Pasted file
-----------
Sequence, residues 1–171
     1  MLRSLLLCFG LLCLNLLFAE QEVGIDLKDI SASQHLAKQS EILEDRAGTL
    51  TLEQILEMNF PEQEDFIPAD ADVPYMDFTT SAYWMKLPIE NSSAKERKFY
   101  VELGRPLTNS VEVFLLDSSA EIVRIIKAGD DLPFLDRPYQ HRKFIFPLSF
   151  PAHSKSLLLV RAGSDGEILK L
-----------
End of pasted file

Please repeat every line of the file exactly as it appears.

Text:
Sequence, residues 1–171
     1  MLRSLLLCFG LLCLNLLFAE QEVGIDLKDI SASQHLAKQS EILEDRAGTL
    51  TLEQILEMNF PEQEDFIPAD ADVPYMDFTT SAYWMKLPIE NSSAKERKFY
   101  VELGRPLTNS VEVFLLDSSA EIVRIIKAGD DLPFLDRPYQ HRKFIFPLSF
   151  PAHSKSLLLV RAGSDGEILK L